The company completed a similar upgrade to its European network early this summer and also invested in mini points of presence in Paris and London that are targeted at smaller clusters of clients located in smaller liquidity hubs, but still provide fast and flexible connectivity to the network. Fulfilling the transatlantic element of its infrastructure, TMX Atrium uses Global Crossing and Hibernia Networks cable.

In addition to network development, the company has recently experienced diverse connectivity activity. For example, to meet increasing interest in foreign exchange trading, connectivity to Knight Hotspot FX at Equinix NY4 has been upgraded, while TMX Atrium’s connectivity to the London derivatives platform Nasdaq OMX NLX has encouraged market data and derivatives technology company SuperDerivatives to join the TMX Atrium community.

Others signing up include Raptor Trading, a provider of multi-asset electronic trading and risk management products, and SS&C Technologies, a provider of financial services software and software-enabled services. Reflecting its dedication to managed services for the financial services sector, the company recently supported customers through the move of The Order Machine’s matching engine from Lunda in Stockholm to Equnix LD4 in London, making sure they experienced no disruption and were ready to use the multi-lateral trading facility as soon as it went live in London. Carjat expects to support more venue migrations through the remainder of this year. Looking forward, TMX Atrium is considering connectivity to swap execution facilities as they build up over the next six to 12 months.

With an asset class agnostic platform and access to 30 venues, TMX Atrium’s client base is mixed and includes venues, buy-side firms, brokers, clearers, independent software vendors and market data vendors with requirements ranging from extreme low-latency to no low-latency and everything in between. Carjat explains: “The bulk of our customers want performance, overall performance including low latency, capacity and flexibility, as well as a supplier that can provide managed services, understands financial markets and will follow where they want to go.”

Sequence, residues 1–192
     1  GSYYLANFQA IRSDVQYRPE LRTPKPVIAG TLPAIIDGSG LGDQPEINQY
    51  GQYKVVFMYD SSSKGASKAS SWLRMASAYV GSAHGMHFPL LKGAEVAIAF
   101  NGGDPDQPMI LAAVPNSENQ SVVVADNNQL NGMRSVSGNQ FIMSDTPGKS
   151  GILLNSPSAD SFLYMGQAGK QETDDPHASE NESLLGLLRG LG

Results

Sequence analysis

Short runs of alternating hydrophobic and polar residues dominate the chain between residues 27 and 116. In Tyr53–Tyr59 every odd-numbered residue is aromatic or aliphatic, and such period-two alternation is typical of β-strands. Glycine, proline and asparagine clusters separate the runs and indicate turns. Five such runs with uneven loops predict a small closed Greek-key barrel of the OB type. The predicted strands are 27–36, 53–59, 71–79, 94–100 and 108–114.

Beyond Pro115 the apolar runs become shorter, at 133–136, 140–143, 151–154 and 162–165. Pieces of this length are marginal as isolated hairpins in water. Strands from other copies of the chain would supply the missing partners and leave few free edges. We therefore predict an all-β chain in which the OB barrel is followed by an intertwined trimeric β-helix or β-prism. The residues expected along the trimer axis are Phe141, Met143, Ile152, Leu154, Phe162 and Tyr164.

To date, the company has won about 200 customers and is just short of 500 end points, but it sees plenty of scope for growth and can expect the growing community on the network to attract others seeking connectivity to the community.

Looking forward: Atrium is considering additional technologies, such as microwave. It has decided not to build microwave capacity on the popular Frankfurt to London link for regulatory reasons, but may implement microwave elsewhere purely to improve latency and depending on customer demand. Carjat suggests performance across a microwave link reaches about 90%, while fibre offers 99.999% uptime, making microwave an option only for those that are prepared to pay a high price for ultra-low latency and suffer occasional downtime – at least for the time being as the technology matures.

As recent customer additions to the TMX Atrium network settle in and start to build business in the community, Carjat and his colleagues continue to consider further flexibility and performance improvements for the infrastructure. Carjat concludes: “Fragmentation in the low-latency market means we are working to deliver ultra-low latency as well as high-performance trading infrastructure. In the short term, we are also planning expansion into additional asset classes and connectivity to swap execution facilities.”